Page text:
Messi, Scaloni comment on challenges Argentina faced in 2-0 Copa America win over Canada

A sea of 70,000 sky blue and white striped Argentina fans and a smattering of red-clad Canada fans packed Mercedes-Benz Stadium Thursday evening for the highly-anticipated Copa America opener between Lionel Messi’s World Cup champion Albiceleste and the upset-minded Canadian team.

The rabid Argentinean fans made the pilgrimage from all over South America, Central America, the United States, and other corners of the world for a chance to see their beloved hero and his teammates begin defense of their Copa America title.

Argentina emerged with a 2-0 win, but it wasn’t easy.

Canada, ranked No. 48 in the world, kept Messi and his top-ranked team scoreless for the first half before Julian Alvarez found the back of the net with a close-range shot in the 48th minute with a sequence that began with a slick Messi pass. Lautaro Martinez scored an emphatic insurance goal in the 88th minute off a perfectly weighted through ball from Messi.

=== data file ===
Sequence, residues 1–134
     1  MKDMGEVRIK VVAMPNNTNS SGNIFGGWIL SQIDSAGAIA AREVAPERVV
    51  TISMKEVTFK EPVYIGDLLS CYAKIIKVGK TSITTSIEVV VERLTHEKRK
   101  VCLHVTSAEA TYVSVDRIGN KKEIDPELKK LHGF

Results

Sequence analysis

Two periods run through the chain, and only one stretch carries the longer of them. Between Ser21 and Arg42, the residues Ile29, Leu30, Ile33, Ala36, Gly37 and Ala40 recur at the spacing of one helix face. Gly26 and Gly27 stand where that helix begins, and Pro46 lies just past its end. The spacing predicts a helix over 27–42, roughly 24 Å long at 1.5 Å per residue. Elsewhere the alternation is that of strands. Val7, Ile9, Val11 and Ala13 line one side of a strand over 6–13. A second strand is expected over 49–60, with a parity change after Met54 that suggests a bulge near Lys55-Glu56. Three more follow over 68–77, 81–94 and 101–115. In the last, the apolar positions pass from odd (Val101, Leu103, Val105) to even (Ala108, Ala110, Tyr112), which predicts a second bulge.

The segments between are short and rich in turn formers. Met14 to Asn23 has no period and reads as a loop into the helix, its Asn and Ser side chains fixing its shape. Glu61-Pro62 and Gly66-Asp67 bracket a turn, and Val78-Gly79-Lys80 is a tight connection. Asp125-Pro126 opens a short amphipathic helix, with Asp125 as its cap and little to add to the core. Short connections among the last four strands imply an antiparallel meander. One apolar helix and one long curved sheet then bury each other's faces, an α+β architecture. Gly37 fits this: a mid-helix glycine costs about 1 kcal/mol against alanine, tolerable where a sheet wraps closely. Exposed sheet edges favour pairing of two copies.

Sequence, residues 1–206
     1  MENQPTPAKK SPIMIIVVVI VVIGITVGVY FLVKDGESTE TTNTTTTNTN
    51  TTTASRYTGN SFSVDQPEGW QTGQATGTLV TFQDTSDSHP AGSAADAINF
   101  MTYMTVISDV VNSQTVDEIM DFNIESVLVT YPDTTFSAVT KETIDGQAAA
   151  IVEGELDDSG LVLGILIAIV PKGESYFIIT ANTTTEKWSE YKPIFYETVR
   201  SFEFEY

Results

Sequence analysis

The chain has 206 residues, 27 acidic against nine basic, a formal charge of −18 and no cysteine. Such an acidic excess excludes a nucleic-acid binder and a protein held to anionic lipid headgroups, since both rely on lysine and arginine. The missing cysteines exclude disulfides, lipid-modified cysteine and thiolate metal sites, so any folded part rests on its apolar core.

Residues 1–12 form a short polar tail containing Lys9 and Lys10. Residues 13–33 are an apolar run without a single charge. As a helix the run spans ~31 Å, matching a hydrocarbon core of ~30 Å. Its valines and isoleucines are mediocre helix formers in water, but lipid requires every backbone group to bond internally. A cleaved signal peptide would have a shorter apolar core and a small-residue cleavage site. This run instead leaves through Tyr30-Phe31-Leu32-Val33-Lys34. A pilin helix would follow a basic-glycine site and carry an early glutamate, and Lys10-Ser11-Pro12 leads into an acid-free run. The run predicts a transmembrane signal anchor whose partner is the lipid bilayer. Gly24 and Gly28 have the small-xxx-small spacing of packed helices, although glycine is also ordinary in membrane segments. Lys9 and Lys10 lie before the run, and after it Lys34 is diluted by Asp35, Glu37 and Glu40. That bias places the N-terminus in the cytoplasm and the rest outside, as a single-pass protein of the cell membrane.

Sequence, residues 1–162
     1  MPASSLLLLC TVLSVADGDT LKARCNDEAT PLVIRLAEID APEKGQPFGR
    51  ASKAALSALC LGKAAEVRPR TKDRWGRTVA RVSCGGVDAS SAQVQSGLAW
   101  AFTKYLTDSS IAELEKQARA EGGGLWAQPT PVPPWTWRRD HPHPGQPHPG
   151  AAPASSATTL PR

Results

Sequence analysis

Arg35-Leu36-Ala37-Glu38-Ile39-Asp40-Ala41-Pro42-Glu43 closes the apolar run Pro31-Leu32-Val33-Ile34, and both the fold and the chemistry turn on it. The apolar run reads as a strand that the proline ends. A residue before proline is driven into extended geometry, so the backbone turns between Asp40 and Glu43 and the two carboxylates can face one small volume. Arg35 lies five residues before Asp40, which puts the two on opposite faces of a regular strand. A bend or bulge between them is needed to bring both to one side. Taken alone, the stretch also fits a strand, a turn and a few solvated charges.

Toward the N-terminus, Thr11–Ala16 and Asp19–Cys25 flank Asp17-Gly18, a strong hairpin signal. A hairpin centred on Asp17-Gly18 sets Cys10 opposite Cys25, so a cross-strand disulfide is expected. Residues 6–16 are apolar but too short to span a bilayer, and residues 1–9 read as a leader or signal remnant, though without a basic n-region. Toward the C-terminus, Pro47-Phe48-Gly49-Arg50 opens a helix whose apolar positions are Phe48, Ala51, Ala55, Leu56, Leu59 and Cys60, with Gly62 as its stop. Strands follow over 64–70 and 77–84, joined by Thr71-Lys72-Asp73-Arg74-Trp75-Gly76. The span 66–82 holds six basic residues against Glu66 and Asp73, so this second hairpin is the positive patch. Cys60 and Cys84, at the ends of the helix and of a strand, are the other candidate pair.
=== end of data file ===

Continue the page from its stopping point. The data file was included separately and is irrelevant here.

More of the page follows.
The Inter Miami star and eight-time Ballon d’Or winner missed a few scoring chances he typically finishes, including back-to-back shots on a breakaway in the second half. The first was saved by Canadian keeper Maxime Crepeau and his shot off the rebound was blocked by a defender. He put his hands on his knees and shook his head in disbelief.

“It was a difficult game; we knew it would be this way because Canada is a tough match up physically, they counter attack very well and are very fast,” Messi said after the game. “The first half it cost us a lot. We couldn’t find spaces. But luckily we won, which is the most important thing.”

As for his missed chances, Messi said: “I had a few situations to score goals, we could have taken control of the match earlier and been more calm, but I’m happy for the victory and to start the tournament with a win.”

Messi had another tough moment in the 84th minute, when he tangled with Canadian player Moise Bombito, tripped and stayed on the ground for a few minutes as the crowd watched in silence. But he finally stood up, shook off the knock, poured water on his head and continued.